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Individuals Entering Non-Traditional Roles in Sports

Satisfactory Essays
Individuals Entering Non-Traditional Roles in Sports

Sports provide an amazing outlet for people of all ages. It has been proven that sports help focus and concentration as well as improving ones physical state. It is a beneficial pastime that all should be allowed to enjoy. Up until that age of 12-13 both genders are invited and welcomed to play sports. After this point something changes, it is not really talked about but pressure is effectively applied and society somehow manages to push people into very gender orientated and gender specific sports. The question is, what happens when someone doesn't succumb to the pressure and actively participates in what it referred to as a non-traditional role in a particular sport? This idea applies to both sexes, not just females. We are talking about how society reacts when women compete in body building competitions and when men become figure skaters. I believe that the root of our problem lies within the biases of our society.

The first major question that should be answered is why does society believe that people entering non-traditional roles as such a negative occurrence? I think that the root of this belief is buried in the past and has matriculated down through the generations. In the early history of sports it was believed that women were too delicate to participate in sports. The thought was that if women participated in strenuous activity that they would damage their reproductive organs, which would ultimately not fulfill an absurd belief that the primary role of women in society was to have children and care for the men. Back then sports were also used as an arena for men to test and publicly display their masculinity. Open acceptance of women in sports at that time would have posed as too much of a threat to the men's masculinity, therefore many years went by which allowed the practice of only traditional roles being witnessed and accepted.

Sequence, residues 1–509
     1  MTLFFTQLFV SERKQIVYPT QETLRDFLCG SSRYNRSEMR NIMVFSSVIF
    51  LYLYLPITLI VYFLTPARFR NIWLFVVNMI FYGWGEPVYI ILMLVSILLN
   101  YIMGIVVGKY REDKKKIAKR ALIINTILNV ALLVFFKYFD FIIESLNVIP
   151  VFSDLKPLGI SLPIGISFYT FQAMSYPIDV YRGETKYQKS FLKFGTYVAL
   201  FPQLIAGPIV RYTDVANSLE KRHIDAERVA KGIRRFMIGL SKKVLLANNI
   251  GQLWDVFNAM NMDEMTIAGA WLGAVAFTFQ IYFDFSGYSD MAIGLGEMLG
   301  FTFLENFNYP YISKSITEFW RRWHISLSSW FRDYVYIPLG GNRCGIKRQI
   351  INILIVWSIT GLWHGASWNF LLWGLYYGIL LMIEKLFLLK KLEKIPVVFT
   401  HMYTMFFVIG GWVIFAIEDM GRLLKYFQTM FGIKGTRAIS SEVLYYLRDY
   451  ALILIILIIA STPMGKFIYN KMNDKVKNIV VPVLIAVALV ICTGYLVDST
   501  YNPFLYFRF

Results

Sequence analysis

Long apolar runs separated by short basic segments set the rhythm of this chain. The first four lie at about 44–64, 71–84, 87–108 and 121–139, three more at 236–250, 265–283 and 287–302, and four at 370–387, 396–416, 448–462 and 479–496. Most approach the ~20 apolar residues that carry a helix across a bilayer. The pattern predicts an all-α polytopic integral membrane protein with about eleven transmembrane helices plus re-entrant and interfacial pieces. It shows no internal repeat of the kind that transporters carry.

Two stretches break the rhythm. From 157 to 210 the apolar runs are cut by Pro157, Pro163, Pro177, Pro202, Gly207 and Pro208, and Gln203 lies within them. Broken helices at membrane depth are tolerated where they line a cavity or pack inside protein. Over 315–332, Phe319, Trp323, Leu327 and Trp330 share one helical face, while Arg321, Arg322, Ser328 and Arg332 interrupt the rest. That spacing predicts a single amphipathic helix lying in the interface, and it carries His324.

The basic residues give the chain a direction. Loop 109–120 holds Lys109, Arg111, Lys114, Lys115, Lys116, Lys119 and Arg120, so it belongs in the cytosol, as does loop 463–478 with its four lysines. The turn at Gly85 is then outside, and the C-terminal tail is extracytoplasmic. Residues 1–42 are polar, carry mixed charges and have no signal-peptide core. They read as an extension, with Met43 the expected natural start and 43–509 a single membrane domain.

On a more personal level, it has been my observation that up until the junior high level both boys and girls are actively engaged in sports, but once the boys start to get bigger, the adults in the society become apprehensive about allowing mixed gender play. I feel as though society has a tough time embracing the possibility that women might get hurt if they play sports. It is at this point in a student's career that a great division occurs, all of a sudden innocent games become strictly regulated and boys and girls are separated.